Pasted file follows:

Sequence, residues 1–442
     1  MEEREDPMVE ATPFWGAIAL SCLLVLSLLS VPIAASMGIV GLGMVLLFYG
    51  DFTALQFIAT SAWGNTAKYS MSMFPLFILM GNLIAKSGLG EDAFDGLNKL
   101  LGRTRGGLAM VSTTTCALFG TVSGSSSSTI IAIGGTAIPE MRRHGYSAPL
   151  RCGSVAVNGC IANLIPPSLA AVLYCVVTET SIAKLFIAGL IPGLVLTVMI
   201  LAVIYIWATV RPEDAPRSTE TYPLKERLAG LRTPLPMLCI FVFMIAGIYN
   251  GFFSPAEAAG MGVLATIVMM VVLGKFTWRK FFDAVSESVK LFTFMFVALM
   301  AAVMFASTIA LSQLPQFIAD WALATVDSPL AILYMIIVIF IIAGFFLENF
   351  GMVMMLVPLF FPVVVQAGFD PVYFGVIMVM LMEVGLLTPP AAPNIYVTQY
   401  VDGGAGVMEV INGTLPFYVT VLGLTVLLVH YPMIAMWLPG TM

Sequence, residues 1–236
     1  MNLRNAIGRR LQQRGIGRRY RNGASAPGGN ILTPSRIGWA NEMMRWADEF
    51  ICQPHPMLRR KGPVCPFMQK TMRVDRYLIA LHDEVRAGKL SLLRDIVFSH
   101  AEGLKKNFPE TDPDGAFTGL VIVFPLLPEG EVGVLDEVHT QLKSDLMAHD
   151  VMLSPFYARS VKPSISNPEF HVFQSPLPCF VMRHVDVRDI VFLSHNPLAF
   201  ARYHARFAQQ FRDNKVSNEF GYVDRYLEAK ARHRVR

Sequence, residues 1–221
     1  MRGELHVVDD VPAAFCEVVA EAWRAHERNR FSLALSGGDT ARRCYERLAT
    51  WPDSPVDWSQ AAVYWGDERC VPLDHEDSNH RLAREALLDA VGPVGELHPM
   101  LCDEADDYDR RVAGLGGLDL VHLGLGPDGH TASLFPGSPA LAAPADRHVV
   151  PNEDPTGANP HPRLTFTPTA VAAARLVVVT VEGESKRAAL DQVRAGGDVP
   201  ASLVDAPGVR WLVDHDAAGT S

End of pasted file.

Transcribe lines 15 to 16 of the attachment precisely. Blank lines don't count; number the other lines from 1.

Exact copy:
   151  VMLSPFYARS VKPSISNPEF HVFQSPLPCF VMRHVDVRDI VFLSHNPLAF
   201  ARYHARFAQQ FRDNKVSNEF GYVDRYLEAK ARHRVR